Jessie didn't fail to deliver something she promised. She didn't rip someone off, or take money and run. She simply illustrated a frustration with completing a project, due to the commissioner sweating over niggling details no matter how many times she redoes or corrects the images.
Oh yeah. Been there, done that. I used to work in a call centre for the biggest pizza place in Ontario. I got all sorts of assholes calling in, wanting to talk to customer service and DEMAND free pizzas because "they're the customer". I had one swearing at me, and I told him I would disconnect the call if he didn't stop swearing. He replied," Who the FUCK do you think you are, talking to me like that?" *click*
I admit I wouldn't want to deal with people like that at cons, but when it gets to the point where artists treat EVERYONE they meet like crap because of the "risk" they might be a creep, then maybe it's time to get your name changed and move to another country.
I'm referring to a certain artist here, not Jessie, and probably someone you don't know.
I know, I was there, gave her a good shoulderrub to try and divert her frustrations, and at some point I got worried she'd take my testicles to a cheese grater. :D Do not underestimate the power of da wuff. :) She's cute, she's small, she'll also rip you a new orifice if you piss her off.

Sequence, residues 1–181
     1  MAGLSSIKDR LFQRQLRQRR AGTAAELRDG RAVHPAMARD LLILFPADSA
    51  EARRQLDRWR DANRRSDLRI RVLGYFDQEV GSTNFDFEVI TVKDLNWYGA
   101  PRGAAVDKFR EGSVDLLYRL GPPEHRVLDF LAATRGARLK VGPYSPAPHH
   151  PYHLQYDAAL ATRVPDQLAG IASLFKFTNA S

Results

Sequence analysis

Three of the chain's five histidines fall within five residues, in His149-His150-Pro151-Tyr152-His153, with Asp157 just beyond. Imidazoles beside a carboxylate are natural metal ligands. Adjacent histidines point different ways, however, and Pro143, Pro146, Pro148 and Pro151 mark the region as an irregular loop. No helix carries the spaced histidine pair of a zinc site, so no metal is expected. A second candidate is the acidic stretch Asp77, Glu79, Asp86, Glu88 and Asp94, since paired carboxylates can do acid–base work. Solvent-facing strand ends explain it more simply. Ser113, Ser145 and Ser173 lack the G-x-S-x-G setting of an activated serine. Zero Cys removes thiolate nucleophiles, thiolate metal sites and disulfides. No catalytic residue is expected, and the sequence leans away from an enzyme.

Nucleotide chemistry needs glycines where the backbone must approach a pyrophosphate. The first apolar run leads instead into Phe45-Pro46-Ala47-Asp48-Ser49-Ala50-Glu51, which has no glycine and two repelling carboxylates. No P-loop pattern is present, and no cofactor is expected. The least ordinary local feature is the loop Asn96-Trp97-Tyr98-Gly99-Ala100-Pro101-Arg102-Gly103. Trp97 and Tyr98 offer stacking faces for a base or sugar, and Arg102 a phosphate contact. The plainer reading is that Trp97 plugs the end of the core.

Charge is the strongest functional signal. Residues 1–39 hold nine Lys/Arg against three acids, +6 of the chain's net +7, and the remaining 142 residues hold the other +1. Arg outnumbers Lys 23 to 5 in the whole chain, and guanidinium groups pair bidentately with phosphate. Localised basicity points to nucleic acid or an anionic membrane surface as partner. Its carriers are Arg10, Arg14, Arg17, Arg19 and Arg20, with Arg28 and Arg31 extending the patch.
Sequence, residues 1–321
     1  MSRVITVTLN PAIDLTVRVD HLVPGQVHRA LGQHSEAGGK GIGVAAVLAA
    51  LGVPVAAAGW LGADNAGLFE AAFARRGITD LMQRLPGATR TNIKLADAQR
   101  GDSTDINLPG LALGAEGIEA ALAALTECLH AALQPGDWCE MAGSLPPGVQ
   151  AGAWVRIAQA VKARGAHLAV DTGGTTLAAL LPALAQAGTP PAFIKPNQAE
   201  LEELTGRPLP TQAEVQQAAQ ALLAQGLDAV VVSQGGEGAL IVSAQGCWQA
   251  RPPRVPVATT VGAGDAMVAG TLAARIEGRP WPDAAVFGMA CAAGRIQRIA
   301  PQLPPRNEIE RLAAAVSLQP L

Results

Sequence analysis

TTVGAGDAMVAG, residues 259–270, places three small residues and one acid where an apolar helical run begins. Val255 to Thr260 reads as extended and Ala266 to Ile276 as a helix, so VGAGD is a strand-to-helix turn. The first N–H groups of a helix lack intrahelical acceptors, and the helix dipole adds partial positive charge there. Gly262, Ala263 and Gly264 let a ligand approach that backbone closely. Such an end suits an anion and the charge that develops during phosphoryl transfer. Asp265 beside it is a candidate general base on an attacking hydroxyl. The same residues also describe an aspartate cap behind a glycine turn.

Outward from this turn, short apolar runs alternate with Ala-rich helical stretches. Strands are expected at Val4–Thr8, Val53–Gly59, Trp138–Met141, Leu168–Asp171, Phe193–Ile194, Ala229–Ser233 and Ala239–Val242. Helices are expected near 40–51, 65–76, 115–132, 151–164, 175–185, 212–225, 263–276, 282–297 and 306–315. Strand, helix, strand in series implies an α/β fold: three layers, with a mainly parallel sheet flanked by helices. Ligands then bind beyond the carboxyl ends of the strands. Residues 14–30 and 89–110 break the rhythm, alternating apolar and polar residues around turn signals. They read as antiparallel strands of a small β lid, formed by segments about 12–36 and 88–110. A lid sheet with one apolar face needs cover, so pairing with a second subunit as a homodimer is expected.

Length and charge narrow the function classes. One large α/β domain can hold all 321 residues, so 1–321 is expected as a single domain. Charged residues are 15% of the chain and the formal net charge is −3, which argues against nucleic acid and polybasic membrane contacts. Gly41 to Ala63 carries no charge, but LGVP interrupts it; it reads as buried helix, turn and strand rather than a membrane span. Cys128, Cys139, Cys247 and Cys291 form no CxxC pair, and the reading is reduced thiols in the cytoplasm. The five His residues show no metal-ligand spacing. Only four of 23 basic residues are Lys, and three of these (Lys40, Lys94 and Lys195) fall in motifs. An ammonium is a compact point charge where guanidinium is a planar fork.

Oh I don't doubt it. You know the most ferocious things often come in small packages like us. :)
|Date:||January 5th, 2005 07:40 pm (UTC)|| |
Unfortunately... Looking like I may not start taking any new ones until mid April, now. >.< I was actually wondering if you were still interesting in one, or not. O.o
Yeah... plus often commissioners often expect artists to read their mind and interpret the images that exist in another person's head. Not gonna happen.
It's very hard to try and do something exactly as what the commissioner wants. Ideally, what's supposed to happen is that the commissioner is to give an idea, or an anchor for artists to extrapolate and render their own interpretation of that idea onto paper.